In addition, I knew public health as one of the grounds for restricting rights. I probably knew there hadn’t been enough critical thinking on this or, more broadly, on the ways in which horizons close during emergencies. Given this, it shouldn’t have been a surprise when my conversations around public health provoked a strong feeling of unpreparedness. Here I describe three dimensions of that.
First, again and again, I found that the affirmative aspect of human rights obligations either slid out of view or never appeared at all. In human rights law, we describe this affirmative aspect as a positive duty and we expect states to commit to these duties, not just to their negative counterparts. For example, under the right to life in article 2 of the European Convention on Human Rights, states have both a negative duty not to take life and substantive positive duties based on the need to protect the right.
Second, the text of international human rights law indicates that justifiable limits on rights are as much a part of human rights law as rights themselves; however, it did not feel like that when I tried to explain and mobilise a rights-based approach to limitations. The Siracusa Principles were useful, but their focus is particular: they discuss the limitation and derogation provisions in the International Covenant on Civil and Political Rights.
My sense of unpreparedness was strongest in context of healthcare. What was the rights-based approach to queues for beds in intensive care units or for ventilators? What was the rights-based approach to the health/health trade-offs that were taking place as health facilities and personnel turned towards care of COVID-19 patients?
At the same time, I was aware that these conversations did not speak fully to community or informal health settings, or to the rights of people living in overcrowded settlements or rural environments, where guidance on hand-washing and physical distancing were difficult to implement and required mitigating measures by the state, in a context of deep pre-COVID-19 health inequalities.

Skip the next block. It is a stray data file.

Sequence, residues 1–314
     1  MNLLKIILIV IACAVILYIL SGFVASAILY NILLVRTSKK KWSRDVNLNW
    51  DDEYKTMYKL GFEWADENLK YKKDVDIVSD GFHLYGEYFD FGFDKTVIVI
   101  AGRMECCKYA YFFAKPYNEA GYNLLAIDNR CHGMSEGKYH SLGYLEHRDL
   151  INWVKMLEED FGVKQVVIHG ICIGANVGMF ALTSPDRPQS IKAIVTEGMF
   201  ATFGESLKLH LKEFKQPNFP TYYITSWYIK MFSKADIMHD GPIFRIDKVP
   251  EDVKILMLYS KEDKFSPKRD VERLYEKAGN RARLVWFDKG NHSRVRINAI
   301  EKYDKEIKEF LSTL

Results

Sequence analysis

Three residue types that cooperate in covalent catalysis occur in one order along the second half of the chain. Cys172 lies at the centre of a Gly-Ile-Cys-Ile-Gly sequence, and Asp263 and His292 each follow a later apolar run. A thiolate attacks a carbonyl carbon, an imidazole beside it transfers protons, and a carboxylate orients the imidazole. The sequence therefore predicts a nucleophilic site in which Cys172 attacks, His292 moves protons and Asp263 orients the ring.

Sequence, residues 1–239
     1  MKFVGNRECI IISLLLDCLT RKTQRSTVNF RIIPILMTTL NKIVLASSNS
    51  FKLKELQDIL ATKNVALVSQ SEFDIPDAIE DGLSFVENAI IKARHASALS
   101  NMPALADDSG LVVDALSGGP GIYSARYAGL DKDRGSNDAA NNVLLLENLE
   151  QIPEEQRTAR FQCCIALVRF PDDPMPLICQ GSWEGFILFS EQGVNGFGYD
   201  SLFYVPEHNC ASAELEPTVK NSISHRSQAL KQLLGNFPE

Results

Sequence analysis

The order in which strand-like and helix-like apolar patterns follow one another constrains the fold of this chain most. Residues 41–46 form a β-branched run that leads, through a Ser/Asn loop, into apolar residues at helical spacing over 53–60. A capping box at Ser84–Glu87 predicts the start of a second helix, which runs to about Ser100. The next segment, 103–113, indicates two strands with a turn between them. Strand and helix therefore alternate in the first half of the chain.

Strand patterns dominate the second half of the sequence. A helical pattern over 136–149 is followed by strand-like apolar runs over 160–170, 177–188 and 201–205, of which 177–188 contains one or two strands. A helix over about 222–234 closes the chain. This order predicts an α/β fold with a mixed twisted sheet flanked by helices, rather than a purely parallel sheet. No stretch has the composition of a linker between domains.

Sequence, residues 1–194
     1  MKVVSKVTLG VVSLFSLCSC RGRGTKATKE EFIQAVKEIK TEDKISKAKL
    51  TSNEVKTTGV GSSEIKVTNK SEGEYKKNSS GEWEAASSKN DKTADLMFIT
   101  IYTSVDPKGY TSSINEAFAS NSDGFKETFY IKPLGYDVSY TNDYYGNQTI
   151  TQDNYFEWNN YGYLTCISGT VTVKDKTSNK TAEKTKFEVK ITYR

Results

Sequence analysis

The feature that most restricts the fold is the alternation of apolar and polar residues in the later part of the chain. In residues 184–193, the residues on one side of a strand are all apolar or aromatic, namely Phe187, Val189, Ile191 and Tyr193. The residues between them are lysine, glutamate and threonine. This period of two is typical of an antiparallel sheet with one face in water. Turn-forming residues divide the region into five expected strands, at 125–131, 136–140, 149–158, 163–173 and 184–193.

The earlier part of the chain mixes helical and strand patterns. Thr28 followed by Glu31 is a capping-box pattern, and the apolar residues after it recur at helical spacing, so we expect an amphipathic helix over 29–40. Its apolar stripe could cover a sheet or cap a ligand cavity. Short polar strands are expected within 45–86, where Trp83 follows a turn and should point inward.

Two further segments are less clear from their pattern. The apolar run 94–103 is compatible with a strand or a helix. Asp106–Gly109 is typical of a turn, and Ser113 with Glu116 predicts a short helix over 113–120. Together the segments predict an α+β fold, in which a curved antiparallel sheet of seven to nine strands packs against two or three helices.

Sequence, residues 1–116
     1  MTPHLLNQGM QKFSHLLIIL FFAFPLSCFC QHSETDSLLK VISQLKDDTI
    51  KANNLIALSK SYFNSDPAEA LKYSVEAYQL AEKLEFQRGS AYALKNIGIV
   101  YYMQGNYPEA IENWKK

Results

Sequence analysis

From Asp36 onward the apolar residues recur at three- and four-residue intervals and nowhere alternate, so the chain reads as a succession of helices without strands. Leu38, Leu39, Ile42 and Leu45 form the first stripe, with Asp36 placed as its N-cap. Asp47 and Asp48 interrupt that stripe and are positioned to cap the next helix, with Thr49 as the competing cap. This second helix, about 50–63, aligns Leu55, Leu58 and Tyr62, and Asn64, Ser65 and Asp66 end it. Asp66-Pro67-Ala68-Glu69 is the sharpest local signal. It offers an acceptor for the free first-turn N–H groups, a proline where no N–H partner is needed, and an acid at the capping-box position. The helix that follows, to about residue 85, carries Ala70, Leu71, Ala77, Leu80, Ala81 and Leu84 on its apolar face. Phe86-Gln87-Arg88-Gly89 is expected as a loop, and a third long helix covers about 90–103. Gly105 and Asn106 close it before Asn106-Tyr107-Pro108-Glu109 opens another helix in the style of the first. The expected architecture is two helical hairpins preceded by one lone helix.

Third, I felt unprepared for the injunction to #followthescience and, relatedly, the emphasis on technological management of the pandemic via contract tracing apps. The arrival of interpretative guidance, planned well before COVID-19, on the relationship between science and economic, social and cultural rights, was welcome if understandably low-profile. The broader UN emphasis on good science was important too, as was the growing body of work from Special Procedures on forms of technological governance such as the digital welfare state.
Overall however I found that the language of ethics had far more currency than human rights in my conversations with professionals and policymakers in the fields of science, technology, health and social care. The relationship between ethics and human rights felt under-developed, and adding law to the mix seemed to increase the challenge.
There was a level of human rights literacy—or more accurately, a willingness to invoke and ask about ‘a rights-based approach’ to public health—but this dissipated when it came to human rights as legally enforceable obligations. There was, in short, very little legal literacy—either on my part as a human rights law professor called on to explain how ethics, human rights and legally enforceable obligations fitted together, or on the part of ethicists, scientists or public health policymakers who generally saw ‘pandemic law’ as a set of emergency rules that suspended standard rights protections.
To be clear: punctuated preparedness has been my experience of the COVID-19 pandemic, and I haven’t described it here in an attempt to impose it or generalise from it. I am interested in whether others have found human rights to be prepared, unprepared or under-prepared, and if punctuated preparedness is the norm, what we do about that.
Cite as: Murphy, Thérèse. "Preparedness? Unpreparedness? Or Punctuated Preparedness?", GC Human Rights Preparedness, 6 July 2020, https://gchumanrights.org/preparedness/article-on/preparedness-unpreparedness-or-punctuated-preparedness.html